GLOBE AND MAIL
GREG JOYCE Canadian Press VANCOUVER The first modern-day aboriginal treaty in British Columbia's history was hard won by the Nisga'a through decades of political protest and arduous slogging in the courts.
The contentious treaty and the Nisga'a Lisims Government it created in 2000 could be in jeopardy -- but because of a challenge from within.
Two band members say the treaty, which provides limited powers of self-government and rights not found in the Indian Act, is destroying traditional hereditary governance and culture. They want it declared unconstitutional.
"Through the treaty process, we lost our native rights," said James Robinson, a hereditary chief known as Chief Mountain in the eagle house. All Nisga'a traditionally belong to one of four houses: eagle, wolf, raven or killer whale.
"Our whole hereditary system is being dismantled right now. Our culture is the hereditary system." Mr. Robinson and fellow plaintiff Mercy Thomas have launched the challenge, but they have a willing partner in the Calgary-based Canadian Constitution Foundation, which is paying their legal fees.
The foundation's website says it was founded in 2002 to explain to Canadians "the role of the Constitution in their daily lives, to teach them how to recognize infringements and abuse of the Constitution in the world around them and to help them defend its principles from improper decisions or actions of governments, regulators, tribunals or special-interest groups." The foundation, which believes the Constitution recognizes just two levels of government -- federal and provincial -- has a board of directors comprised of some prominent conservatives.
Its board includes Ezra Levant, publisher of the Western Standard magazine, and William Johnston, a family physician in Vancouver and president of Canadian Physicians for Life.
Foundation executive director John Carpay, a former Alberta director of the Canadian Taxpayers Federation, says the Nisga'a dissidents claim the treaty "violates their constitutional rights as Canadians.
It does so by creating a third order of government that is not accountable to Ottawa or Victoria.
"The Nisga'a treaty is in conflict with the traditional Nisga'a culture, which the plaintiffs want to see preserved, and they feel this treaty doesn't preserve it." Mr. Carpay says the foundation is paying "the bulk" of the legal costs for the treaty challenge. It gets its money from charitable foundations and private donations.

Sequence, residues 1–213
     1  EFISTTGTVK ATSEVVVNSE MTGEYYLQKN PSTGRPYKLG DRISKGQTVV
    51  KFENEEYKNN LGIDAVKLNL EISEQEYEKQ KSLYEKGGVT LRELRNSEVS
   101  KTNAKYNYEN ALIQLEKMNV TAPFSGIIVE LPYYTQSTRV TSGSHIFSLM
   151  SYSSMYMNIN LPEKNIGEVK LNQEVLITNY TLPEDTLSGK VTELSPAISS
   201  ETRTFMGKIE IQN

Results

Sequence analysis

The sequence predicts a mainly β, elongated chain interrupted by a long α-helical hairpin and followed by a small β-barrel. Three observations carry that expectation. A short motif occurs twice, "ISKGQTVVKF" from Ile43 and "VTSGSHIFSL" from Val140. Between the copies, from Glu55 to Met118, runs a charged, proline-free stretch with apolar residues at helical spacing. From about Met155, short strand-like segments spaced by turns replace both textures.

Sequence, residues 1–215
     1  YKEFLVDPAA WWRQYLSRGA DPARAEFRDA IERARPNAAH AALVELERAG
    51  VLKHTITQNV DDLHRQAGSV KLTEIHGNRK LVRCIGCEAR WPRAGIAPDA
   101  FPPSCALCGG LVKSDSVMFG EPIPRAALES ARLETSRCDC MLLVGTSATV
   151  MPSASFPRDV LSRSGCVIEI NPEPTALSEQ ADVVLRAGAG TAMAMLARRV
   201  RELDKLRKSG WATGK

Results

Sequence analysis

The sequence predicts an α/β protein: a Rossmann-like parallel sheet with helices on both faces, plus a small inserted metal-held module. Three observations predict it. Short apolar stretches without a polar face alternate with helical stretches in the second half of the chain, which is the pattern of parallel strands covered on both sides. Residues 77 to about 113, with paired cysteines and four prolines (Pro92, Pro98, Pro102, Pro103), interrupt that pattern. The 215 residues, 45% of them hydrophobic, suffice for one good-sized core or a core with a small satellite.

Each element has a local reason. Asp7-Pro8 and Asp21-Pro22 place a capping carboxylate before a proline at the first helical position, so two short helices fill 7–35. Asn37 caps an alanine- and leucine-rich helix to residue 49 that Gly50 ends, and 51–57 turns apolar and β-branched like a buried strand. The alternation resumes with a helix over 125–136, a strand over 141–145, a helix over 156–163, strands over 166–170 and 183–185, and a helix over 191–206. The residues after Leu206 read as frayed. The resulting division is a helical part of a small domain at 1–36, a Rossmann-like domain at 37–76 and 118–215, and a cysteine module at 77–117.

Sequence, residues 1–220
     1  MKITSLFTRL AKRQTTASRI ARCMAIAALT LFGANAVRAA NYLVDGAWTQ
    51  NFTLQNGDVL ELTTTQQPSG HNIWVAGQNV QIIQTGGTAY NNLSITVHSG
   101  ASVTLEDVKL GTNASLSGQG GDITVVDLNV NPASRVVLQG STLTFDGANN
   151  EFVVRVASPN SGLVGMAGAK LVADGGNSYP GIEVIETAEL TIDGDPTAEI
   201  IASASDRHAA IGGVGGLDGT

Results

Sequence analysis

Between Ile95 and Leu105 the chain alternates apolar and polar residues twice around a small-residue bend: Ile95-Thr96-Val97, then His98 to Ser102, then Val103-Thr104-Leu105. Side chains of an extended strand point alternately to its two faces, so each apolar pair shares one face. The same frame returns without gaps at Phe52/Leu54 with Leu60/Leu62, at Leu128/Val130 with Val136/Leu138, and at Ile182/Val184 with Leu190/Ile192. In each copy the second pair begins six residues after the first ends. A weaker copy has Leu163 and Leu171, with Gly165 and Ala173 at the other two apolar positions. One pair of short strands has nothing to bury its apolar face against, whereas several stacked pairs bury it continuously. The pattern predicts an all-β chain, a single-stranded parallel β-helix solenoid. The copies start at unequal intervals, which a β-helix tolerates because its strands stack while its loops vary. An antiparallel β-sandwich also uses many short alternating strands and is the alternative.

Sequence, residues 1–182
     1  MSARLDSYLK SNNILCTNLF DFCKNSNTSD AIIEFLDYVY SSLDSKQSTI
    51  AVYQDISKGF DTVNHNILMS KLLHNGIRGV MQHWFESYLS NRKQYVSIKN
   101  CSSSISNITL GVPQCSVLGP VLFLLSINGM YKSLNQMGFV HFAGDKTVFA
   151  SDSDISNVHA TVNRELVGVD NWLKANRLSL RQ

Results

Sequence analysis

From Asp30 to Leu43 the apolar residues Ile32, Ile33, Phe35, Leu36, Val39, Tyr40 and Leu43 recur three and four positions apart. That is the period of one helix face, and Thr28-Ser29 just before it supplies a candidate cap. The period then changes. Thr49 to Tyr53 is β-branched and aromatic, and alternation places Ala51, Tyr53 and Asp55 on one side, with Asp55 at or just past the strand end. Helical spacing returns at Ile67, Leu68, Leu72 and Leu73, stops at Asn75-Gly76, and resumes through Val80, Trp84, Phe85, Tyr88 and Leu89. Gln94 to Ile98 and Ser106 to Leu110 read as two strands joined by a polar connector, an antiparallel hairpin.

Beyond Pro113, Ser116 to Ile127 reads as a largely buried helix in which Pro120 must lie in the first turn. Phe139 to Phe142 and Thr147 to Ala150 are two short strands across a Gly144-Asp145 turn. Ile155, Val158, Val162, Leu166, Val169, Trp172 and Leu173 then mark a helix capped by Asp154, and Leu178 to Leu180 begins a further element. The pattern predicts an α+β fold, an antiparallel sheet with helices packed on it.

In an interview from his home in Prince Rupert, Mr. Robinson said the cultural upheaval he has felt from the treaty outweighs the constitutional arguments.
The president of the Nisga'a Nation, however, scoffed at Mr. Robinson's suggestion that the treaty is destroying the traditional hereditary system.
Nelson Leeson said the system, which follows a matriarchal line and puts all the Nisga'a into one of the four houses, was outlawed long ago by non-native governments in favour of elections supervised by Indian Affairs.
The challenge, which will be heard in B.C. Supreme Court, also faces a long and winding legal road. Last year in B.C. Supreme Court, the challenge was thrown out with a ruling that the plaintiffs had not properly prepared their case.
But only last month, a three-member B.C. Court of Appeal panel reinstated the challenge by referring the case back to another appeal court panel. That court will decide whether the 2005 lower court decision was correct.
The Nisga'a battle goes back two centuries to 1793, the nation's first recorded contact with Europeans, when British naval Captain George Vancouver sailed into their territory to map the northwest coast.
Through the years, federal and B.C. governments paid scant attention to B.C.'s natives. But the treaty finally gave the Nisga'a ownership of about 2,000 square kilometres in the remote Nass Valley. It is also worth $190-million in cash and millions more in grants and program funds in Nass Valley improvements.
Mr. Robinson and Mr. Thomas said they are not opposed to treaties in general -- just this particular deal.
"There is a legal side to this and a cultural side," Mr. Thomas said. "We represent the cultural side. It's taken away our identity as a people." Mr. Robinson bristled at the suggestion that he and Mr. Thomas are being used by the foundation.
"Who's using whom?" he asked. "Where are the Chief Mountain people going to get $700,000 to fight for our rights?" But Mr. Leeson said that if the Nisga'a can battle the provincial and federal governments for a century, they can handle this too.
The Nisga'a negotiated a treaty they believed was "fair and just and honourable and that will benefit us all," he said.
Mr. Leeson rejected another claim by Mr. Robinson that the Nisga'a Lisims Government is autocratic, although he acknowledged that for some Nisga'a, the treaty might be startling.
"It's different for a lot of our people because they were used to band elections, where a guy from Indian Affairs would come in and run the election." After living under the Indian Act for more than a century, it might be hard for some people to have a democracy in which people "don't have to vote for friends, cousins, and relatives," he said.